You can find beauty all around if you look. There’s something more enjoyable to experiences if you can remember them, whether it’s dancing with friends and loved ones or traveling to a new place and trying new foods. Listening to stories and laughing or crying at the details people mention become more meaningful. Watching a movie and understanding the message it was trying to convey will speak to you and teach you. Breathing in the air as you do yoga in the morning will give you peace.

Witness what this world has to offer beyond the haze of addiction. You’ll love it.

5.     Emotions

Most substances tend to mute the user’s emotional response, turning every form of reaction into a bland “sameness.” Sure, maybe every once in a while you might succeed at reaching that perfect high and experiencing joy at levels reaching nirvana, but after those few hours is an agonizing period of feeling nothing. Everything is underwhelming, anticlimactic, and dull. Bit of a let-down, emotions.

Going through recovery puts your body through a detoxing process and in that process, all the chemical imbalances caused by substances start to return back to normal. In fact, some recovering addicts say that their emotions become overwhelmingly powerful. One moment you’re sobbing over a sad news story you heard on television and the next you’re laughing at the latest meme trend like it’s the funniest joke on the planet. That feeling of numbness will be gone. Emotions will feel real. You’ll be sad when things are sad, but you’ll also be happy when things are going well.

Recovery means knowing what accomplishment will feel like, and it’s feeling like a human.

6.     Relationships

Preserving your relationships while abusing drugs and/or alcohol can be difficult to nearly impossible for some. Too often will friends and family detach themselves from a substance abuser when things begin to get too rough and troubled, or an addict will push loved ones away as the addiction grows stronger and more of a priority in their mind. Addiction can ruin every meaningful relationship you have and leave you alone with no one to help you.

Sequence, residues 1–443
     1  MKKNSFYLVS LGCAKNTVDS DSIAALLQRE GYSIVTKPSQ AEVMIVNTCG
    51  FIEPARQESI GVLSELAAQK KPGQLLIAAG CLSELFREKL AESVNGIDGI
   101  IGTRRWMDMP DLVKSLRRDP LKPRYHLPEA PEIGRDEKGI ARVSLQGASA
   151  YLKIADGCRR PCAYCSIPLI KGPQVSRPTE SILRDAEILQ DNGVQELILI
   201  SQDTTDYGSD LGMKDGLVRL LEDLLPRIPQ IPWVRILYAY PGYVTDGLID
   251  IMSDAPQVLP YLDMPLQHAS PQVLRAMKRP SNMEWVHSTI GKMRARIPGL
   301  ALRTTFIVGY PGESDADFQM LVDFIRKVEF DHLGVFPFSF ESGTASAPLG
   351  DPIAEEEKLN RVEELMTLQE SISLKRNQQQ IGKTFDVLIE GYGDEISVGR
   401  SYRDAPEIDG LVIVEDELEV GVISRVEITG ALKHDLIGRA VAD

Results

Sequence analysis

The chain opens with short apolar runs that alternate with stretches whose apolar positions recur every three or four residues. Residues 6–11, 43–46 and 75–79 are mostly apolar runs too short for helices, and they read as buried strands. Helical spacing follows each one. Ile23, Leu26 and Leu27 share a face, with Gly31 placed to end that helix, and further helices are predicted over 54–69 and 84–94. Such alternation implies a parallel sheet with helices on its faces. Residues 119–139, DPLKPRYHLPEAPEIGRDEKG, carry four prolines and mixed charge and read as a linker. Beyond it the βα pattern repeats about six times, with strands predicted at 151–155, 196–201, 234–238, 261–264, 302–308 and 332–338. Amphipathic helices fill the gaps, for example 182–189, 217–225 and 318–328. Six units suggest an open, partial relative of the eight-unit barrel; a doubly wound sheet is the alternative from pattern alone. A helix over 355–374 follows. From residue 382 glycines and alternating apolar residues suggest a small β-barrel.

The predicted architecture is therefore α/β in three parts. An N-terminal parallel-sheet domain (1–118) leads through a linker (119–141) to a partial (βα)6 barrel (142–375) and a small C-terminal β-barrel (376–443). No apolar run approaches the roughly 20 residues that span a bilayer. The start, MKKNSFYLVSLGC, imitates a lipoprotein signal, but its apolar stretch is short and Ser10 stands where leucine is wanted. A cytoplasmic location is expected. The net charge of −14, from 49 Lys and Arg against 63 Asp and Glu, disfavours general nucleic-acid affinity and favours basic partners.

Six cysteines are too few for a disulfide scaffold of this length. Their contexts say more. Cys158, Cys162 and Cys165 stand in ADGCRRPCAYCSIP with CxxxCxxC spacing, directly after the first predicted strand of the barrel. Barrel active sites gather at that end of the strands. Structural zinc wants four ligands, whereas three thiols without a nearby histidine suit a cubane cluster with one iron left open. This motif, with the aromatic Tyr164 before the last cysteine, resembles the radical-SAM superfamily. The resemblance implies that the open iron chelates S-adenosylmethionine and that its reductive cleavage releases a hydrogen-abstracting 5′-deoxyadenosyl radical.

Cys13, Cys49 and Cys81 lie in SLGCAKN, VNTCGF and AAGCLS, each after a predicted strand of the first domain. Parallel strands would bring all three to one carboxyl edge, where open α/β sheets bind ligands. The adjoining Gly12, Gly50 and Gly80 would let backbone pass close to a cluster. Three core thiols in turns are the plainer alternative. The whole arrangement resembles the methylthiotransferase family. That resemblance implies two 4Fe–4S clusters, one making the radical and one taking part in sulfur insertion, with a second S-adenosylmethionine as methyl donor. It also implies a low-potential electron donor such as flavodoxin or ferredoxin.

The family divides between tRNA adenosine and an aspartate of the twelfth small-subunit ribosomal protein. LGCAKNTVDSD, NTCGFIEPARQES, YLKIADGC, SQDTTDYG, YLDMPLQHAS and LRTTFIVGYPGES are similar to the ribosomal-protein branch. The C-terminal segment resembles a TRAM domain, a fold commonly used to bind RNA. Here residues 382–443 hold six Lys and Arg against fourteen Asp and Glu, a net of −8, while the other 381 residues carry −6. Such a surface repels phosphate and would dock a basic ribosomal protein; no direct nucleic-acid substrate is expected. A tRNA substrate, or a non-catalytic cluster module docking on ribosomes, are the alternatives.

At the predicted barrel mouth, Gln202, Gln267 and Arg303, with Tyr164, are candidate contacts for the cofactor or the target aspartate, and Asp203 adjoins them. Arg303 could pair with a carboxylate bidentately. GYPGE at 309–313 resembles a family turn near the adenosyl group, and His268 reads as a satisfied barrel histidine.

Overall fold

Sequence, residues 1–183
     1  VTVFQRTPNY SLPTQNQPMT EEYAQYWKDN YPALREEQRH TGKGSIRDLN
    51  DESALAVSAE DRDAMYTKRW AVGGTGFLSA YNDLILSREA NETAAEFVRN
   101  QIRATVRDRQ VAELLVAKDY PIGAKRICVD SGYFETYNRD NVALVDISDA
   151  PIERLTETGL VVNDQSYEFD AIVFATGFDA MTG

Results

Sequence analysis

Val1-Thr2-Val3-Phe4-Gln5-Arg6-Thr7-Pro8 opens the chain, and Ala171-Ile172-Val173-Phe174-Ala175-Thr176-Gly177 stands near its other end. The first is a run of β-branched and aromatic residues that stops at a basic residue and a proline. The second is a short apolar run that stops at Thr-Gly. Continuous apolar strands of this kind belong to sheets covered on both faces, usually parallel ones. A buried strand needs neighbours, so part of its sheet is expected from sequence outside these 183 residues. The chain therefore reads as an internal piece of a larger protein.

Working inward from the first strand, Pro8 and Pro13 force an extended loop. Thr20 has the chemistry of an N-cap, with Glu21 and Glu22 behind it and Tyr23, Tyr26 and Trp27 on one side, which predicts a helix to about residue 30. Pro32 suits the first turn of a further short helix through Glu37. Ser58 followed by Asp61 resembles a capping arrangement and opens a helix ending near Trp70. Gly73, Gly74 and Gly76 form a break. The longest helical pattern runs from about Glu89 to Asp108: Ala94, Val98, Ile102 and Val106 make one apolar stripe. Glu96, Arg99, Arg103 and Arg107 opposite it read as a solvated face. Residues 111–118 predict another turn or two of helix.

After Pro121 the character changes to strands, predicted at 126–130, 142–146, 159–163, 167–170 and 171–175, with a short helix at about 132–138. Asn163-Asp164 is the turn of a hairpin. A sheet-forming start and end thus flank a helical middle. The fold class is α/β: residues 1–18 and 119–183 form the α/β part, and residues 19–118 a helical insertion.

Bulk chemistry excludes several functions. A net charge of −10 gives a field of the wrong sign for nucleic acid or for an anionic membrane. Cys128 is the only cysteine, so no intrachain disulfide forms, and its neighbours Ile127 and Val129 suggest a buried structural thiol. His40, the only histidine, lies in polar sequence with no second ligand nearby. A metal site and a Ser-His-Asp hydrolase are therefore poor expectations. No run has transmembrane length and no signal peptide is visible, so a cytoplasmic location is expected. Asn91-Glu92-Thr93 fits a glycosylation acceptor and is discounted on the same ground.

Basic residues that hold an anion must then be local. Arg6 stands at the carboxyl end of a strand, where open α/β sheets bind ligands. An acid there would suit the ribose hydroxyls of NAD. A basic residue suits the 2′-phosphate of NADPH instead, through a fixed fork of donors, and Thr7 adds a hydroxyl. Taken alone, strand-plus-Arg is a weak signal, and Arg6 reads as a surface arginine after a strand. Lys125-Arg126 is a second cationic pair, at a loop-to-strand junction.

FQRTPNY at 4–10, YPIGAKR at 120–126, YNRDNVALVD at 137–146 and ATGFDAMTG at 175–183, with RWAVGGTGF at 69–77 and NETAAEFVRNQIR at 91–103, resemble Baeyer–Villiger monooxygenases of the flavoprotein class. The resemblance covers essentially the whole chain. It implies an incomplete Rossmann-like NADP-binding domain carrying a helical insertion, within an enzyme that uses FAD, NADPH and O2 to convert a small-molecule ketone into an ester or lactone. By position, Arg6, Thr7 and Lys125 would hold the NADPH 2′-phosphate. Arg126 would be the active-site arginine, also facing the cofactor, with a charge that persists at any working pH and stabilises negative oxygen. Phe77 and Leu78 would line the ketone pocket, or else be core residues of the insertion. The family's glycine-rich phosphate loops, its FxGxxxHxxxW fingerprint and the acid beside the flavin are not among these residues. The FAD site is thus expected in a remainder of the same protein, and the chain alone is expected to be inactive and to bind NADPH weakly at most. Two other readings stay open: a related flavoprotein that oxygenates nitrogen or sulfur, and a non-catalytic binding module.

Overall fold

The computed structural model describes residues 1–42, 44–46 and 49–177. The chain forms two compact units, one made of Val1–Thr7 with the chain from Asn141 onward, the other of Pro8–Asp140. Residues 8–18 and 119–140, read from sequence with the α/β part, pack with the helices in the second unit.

Taking your first steps to recovery means taking your first steps to gaining your relationships back. It means avoiding blame and opting for forgiveness on both yours and your loved ones’ ends. It means having a support circle who can help you through your addiction, meeting other recovering addicts through therapy who can tell you what the process is like and how to get through it, establishing bonds with your family as you return to it. For those with children, it could mean giving them a safer environment to live in or beginning the journey to be a part of their life again.

Once you begin to love yourself by regaining your health, getting your life in order, and mentally recuperating, your relationships will return. You are in charge of building a positive circle around you.

7.     Better Sex

Now, while some people actively debate that drugs and alcohol can be used as aphrodisiacs for some mind-blowingly awesome sex, the fact is that it’s mostly a crapshoot when trying to use a substance to get you in the mood. Chronic abuse of drugs and alcohol, in fact, leads to sexual issues, such as: erectile dysfunction, lower to no sex drive, problems with ejaculations, and a higher chance of catching an STD.

Lowering your inhibitions with substances gives you the impression that you’re having better sex, but numbers show that more people struggle with getting erections or never reach orgasm or just have bad sex in general. Getting sober—having developed real emotions and relationships again—will allow you to make love with all your senses. Sex is generally better when you’re conscious, after all.

Recovery is a difficult journey, but the rewards could mean expressing love with your partner in a true, authentic and intimate setting. See the beauty in the love you have formed and in what you could create. Recovery means seeing your future as something bright—and that’s one hell of a thought during an orgasm. Wouldn’t that be a rush?